New York City Hit by Spike of a Rare Disease Spread by Rat Urine

New York City Hit by Spike of a Rare Disease Spread by Rat Urine
A 2015 photo of a rat crossing a Times Square subway platform in New York City (Photo: Richard Drew, AP)

New York City is dealing with an unusual outbreak of a rare, sometimes fatal disease spread through rat urine, called leptospirosis. At least 15 locals have contracted the bacterial disease in 2021 so far, according to health officials, with most hospitalized and one person dead as a result. It’s not known why cases have been more common this year, though warmer weather conditions fuelled by climate change may be a factor.

Leptospirosis, also called Weil’s disease, is caused by thin, corkscrew-shaped Leptospira bacteria. It’s a zoonotic disease, meaning that infections are transmitted to humans through animals, in this case their infected urine. This can happen through direct contact with urine or when the urine contaminates the environment, such as our food and water. The bacteria can still be contagious for weeks to months once introduced to the environment under the right conditions.

Not everyone becomes sick after getting the infection, and its vague symptoms can make diagnosis difficult at first. These symptoms include high fever, chills, muscle aches, and jaundice (yellowed skin and eyes). Sometimes, people may recover from this first bout only to experience a worse and more life-threatening second phase of illness, one that can severely damage the liver, kidneys, and brain. This second stage is more common when the infection isn’t promptly treated with antibiotics.

Leptospirosis is found all over the world, according to the Centres for Disease Control and Prevention, and it may cause more than 1 million infections and around 59,000 deaths annually. But in the U.S., it’s rarely reported, with around 100 to 200 cases documented yearly, with most coming from Puerto Rico. In New York City, according to health department data, 57 cases of leptospirosis were documented over a 15-year span from 2006 to 2020, or fewer than 4 cases a year on average. That makes 2021 a big outlier for the city.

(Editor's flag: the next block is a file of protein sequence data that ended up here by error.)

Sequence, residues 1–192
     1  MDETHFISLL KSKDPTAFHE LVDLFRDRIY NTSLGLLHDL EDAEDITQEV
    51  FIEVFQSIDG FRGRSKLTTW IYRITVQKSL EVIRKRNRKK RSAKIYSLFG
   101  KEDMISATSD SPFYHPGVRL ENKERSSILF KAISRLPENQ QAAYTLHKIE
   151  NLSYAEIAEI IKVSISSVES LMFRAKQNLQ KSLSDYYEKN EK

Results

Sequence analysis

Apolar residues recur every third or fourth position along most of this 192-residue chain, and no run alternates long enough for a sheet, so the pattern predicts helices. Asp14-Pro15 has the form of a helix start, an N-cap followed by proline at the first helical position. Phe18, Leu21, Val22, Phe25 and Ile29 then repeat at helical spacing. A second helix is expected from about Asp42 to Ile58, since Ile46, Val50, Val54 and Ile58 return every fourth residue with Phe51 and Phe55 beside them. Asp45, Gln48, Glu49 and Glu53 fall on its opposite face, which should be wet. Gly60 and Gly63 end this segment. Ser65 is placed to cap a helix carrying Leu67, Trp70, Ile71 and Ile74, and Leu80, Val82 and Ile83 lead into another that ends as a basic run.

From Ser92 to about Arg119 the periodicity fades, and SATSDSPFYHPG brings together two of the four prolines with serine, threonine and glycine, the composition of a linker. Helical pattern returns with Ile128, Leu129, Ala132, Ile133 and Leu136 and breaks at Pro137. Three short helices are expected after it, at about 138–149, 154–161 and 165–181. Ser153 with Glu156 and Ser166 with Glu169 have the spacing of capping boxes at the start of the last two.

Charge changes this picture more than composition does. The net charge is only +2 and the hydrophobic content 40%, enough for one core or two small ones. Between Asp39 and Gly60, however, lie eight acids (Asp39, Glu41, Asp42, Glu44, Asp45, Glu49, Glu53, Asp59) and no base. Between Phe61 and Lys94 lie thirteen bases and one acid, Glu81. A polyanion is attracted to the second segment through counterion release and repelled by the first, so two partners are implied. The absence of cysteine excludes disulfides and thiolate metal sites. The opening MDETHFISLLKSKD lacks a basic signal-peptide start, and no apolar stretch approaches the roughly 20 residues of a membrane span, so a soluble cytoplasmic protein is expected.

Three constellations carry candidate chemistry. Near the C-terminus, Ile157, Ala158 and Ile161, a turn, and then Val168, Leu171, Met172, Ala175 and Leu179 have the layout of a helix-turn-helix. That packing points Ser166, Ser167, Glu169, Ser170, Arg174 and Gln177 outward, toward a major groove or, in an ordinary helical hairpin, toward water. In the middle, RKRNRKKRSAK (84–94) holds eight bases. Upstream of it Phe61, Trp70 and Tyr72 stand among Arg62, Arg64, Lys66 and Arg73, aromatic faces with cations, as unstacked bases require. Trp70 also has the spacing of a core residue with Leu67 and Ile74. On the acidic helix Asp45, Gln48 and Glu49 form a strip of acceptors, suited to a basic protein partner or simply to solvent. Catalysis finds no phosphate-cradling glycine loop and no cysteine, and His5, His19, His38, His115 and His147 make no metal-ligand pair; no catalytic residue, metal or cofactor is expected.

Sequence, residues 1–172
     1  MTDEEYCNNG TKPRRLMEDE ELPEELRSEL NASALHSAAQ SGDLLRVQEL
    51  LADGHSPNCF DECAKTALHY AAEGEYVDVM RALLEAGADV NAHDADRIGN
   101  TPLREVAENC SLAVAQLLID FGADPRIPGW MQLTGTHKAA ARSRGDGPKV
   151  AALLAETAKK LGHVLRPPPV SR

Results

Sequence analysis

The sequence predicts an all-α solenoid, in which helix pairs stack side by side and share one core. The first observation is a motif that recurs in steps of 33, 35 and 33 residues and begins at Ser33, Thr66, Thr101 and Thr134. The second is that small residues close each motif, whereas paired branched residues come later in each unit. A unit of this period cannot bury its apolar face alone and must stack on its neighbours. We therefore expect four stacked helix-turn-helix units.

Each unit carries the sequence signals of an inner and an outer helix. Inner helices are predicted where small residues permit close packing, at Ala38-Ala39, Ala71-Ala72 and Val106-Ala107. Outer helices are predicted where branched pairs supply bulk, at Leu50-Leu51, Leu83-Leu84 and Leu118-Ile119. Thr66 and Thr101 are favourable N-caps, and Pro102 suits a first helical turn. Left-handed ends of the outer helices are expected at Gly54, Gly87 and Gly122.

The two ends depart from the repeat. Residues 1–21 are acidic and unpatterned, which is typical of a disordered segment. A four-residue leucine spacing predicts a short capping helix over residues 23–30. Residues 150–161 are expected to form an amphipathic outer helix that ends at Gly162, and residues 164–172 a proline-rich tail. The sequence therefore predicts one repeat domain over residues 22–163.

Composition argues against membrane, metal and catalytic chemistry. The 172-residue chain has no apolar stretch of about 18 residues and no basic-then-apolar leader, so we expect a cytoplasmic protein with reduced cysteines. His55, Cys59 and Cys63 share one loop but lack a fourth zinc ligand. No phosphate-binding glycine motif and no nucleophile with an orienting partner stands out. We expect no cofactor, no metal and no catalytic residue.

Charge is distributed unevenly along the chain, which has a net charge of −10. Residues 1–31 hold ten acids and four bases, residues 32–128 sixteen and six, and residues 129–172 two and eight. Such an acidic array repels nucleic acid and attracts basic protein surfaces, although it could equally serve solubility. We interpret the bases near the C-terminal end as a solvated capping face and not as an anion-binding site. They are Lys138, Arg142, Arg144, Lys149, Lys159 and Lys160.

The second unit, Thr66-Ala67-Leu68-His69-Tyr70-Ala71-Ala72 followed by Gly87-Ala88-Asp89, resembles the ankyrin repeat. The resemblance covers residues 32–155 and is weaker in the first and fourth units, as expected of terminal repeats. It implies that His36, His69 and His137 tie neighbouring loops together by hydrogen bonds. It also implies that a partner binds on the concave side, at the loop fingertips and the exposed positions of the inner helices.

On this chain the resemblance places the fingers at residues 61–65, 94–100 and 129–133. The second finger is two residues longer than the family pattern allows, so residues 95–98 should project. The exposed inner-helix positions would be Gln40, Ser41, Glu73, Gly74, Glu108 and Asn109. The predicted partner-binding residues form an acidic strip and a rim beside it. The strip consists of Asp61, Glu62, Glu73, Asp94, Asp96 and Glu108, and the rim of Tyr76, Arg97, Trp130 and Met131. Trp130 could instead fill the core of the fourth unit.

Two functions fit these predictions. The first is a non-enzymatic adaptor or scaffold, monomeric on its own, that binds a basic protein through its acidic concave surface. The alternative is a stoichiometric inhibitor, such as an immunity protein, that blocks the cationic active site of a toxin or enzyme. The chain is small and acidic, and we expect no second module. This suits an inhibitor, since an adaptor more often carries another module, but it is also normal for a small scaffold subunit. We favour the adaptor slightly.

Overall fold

In late September, the NYC Department of Health issued a public advisory after they had documented 14 cases of leptospirosis; since then, a 15th case has been found. The cases are scattered across all boroughs, save Staten Island, and, of the first 14, only one is thought to have been caught during travel elsewhere. In its advisory, health officials said that 13 people had been hospitalized with acute kidney and liver failure, with two developing serious lung problems as well. One person died from their infection, though others hospitalized have since been discharged.

Leptospirosis can be transmitted through a wide range of animals, including our pets. But historically, cases in NYC are associated with rat infestations. All of the local cases were found in people exposed to environments with severe rat problems, including three people without housing. Health officials say they’ve conducted inspections of suspected hot spots and have tried to remedy the rat infestations when needed. Rat sightings in the city this year have gone up in 2021 compared to last year, though this may represent greater social activity on our part rather than any rat resurgence.

It’s known that the risk of leptospirosis in an area can climb after flooding from hurricanes and other extreme weather. That’s because infected urine trapped in the soil or elsewhere can easily contaminate floodwater, which can be hard for people to avoid touching. In 2017, for instance, the U.S. reported a high of 195 cases, with most of the increase coming from Puerto Rico and the U.S. Virgin Islands after they experienced Hurricanes Irma and Maria back to back that September.

Though NYC did experience historic flooding caused by the tail end of Hurricane Ida this year, none of the cases this year seem to be related to that event. But the same warmer climate that has made hurricanes like Ida more powerful is also likely to make diseases like leptospirosis more common here as well.

“The bacteria may persist in warm moist environments. Changes in climatic conditions that allow the bacteria to persist (warmer and moist climate conditions), could contribute to an increase in human cases,” a health department spokesperson told Gizmodo in an email.

New Yorkers are being told to report rat infestations to 311, while they and medical providers should keep an eye out for suspected cases. A full rundown of symptoms and tips to avoid the disease can be found here.